UNAIDS/Stratcomm walk for women's rights
Accra, April 1, GNA - The United Nations Programme on HIV/AIDS (UNAIDS) and Strategic Communications Africa Ltd (Stratcomm Africa) have organised a public walk and forum on women empowerment and HIV/AIDS prevention and treatment.
The walk, which formed part of UNAIDS' month-long celebration of international Women's Day, began at the Osu Police Station, through the John Evans Atta Mills High Street and ended at Mantse Agbonaa in James Town.
The community forum at Jamestown was treated to music and drama from the youth of the Centre for Development and Intercultural Communication (CEDIC).
The event was patronised by the Ghana AIDS Commission, the Accra Metropolitan Assembly (AMA), Ga Mashie Development Agency (GAMADA), University of Ghana Allied Health Students' Association (UGAHSA) and Women's Rights advocates such as Nanahemaa Adjoa Awindor, Executive Director of Obaapa Development Foundation.
The United Nations Resident Coordinator, Ms Christine Evans-Klock said it was worthy to celebrate the Beijing Conference on Women and the successes that had been achieved in its wake for women's rights and to remind everyone of the incomplete agenda.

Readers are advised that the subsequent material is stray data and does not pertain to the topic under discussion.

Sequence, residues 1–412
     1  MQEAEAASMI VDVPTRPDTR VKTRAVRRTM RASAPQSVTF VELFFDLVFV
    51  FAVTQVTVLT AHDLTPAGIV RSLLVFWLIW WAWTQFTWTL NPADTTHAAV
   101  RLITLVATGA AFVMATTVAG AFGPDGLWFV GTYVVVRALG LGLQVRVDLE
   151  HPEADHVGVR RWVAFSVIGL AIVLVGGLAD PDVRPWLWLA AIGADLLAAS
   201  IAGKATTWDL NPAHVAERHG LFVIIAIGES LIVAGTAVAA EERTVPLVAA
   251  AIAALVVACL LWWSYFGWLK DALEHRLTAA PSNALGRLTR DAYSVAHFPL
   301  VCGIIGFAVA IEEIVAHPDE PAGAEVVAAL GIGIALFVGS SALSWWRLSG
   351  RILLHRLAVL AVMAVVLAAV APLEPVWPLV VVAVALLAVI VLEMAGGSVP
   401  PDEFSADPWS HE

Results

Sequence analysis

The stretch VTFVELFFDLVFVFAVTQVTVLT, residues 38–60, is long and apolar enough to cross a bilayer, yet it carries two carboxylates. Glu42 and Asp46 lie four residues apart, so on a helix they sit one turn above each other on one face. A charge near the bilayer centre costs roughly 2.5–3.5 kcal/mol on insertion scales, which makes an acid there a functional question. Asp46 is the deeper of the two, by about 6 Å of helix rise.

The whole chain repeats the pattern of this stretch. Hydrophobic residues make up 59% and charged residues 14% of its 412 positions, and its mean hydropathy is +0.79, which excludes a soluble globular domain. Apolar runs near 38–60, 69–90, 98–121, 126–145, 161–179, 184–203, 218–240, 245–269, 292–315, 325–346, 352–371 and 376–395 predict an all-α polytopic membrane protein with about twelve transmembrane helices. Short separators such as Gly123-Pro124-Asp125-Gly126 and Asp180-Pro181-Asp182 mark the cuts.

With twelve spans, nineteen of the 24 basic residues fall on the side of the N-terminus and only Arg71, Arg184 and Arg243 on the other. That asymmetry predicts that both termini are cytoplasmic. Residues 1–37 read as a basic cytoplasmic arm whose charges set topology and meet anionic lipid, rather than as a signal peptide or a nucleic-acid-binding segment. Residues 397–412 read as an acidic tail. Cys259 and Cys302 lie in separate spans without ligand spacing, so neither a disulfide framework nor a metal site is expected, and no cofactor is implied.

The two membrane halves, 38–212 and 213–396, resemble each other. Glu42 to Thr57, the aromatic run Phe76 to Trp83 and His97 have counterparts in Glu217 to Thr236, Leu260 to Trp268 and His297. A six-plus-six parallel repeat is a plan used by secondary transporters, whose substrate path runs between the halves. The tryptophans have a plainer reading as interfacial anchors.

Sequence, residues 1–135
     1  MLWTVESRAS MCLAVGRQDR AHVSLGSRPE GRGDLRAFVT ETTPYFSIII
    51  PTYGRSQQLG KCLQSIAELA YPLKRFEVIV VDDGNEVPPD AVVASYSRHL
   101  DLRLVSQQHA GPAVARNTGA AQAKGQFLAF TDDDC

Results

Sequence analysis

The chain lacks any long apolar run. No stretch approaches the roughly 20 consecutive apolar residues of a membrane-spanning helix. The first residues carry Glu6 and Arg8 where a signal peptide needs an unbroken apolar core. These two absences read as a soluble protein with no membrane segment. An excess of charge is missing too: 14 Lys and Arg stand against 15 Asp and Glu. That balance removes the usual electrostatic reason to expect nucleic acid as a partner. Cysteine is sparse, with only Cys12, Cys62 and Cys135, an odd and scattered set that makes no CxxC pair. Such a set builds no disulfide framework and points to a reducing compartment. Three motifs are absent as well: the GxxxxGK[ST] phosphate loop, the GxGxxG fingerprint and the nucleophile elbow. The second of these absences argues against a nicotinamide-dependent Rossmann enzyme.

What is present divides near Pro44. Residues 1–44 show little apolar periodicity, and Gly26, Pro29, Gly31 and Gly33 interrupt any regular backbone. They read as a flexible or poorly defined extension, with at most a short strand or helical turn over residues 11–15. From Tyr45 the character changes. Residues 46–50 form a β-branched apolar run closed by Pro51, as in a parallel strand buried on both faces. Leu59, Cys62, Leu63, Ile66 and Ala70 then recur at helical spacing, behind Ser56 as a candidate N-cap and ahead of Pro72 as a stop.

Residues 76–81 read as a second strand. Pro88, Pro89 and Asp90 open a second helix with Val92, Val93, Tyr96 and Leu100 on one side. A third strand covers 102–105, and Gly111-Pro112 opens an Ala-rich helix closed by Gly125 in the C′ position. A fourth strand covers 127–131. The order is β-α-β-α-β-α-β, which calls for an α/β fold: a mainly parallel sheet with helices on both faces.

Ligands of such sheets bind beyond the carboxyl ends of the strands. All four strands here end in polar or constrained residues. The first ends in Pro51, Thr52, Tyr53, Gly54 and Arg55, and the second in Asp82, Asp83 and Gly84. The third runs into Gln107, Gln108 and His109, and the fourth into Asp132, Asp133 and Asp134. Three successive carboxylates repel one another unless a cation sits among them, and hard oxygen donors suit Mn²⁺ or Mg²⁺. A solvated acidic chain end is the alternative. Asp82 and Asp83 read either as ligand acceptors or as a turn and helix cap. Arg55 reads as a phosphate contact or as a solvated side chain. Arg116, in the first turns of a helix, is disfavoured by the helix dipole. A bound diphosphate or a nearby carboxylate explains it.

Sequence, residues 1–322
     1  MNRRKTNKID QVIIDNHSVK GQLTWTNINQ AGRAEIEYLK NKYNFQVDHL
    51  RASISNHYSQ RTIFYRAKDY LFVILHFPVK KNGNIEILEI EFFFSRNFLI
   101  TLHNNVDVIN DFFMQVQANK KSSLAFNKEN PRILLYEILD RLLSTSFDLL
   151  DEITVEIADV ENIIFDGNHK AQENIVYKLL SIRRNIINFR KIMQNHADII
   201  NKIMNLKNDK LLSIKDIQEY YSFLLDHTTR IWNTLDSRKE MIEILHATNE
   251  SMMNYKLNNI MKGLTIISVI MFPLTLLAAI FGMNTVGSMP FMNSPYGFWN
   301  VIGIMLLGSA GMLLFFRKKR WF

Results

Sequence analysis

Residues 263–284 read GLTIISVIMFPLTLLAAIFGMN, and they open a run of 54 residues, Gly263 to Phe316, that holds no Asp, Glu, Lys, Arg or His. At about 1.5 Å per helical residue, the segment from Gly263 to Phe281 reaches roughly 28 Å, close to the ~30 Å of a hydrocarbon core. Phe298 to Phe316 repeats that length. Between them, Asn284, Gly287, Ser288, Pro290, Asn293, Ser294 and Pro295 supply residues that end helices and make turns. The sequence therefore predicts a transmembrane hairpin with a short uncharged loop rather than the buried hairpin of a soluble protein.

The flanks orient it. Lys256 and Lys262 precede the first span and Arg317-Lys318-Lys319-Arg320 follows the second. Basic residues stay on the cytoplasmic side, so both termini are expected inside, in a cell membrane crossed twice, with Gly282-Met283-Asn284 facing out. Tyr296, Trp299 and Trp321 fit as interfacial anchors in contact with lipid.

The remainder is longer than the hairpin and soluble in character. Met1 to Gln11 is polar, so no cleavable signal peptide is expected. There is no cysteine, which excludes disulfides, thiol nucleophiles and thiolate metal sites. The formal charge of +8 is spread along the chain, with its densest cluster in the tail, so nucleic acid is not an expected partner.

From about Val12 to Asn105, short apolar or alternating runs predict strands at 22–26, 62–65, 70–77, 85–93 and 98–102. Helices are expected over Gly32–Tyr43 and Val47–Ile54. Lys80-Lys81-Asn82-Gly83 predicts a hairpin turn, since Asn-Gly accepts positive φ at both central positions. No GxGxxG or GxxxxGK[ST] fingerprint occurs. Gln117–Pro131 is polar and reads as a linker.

She said though noteworthy achievements had been made, such as the inclusiveness of education for girls and reduction of maternal mortality, there was a lot yet to be done.
'We are still called to action just as we were twenty years ago', she said.
Ms Evans-Klock commended Ghana for having a Ministry for Women, Children and Social Protection and for making significant contributions to the attainment of the millennium development goals.
Ms Esther Cobbah, the Chief Executive Officer of Stratcomm Africa, said that 'Womenomics', a term coined by Kathy Matsui, a Japanese business executive, to denote the idea of employing women and allowing them into leadership, needed a boost in Ghana and Africa.
She highlighted the need to remove the traditional position of 'the woman as a housewife, manager of the home and nothing more', and to remind people that HIV/AIDS was still a reality.
The event provided free HIV testing which was patronized by scores of people.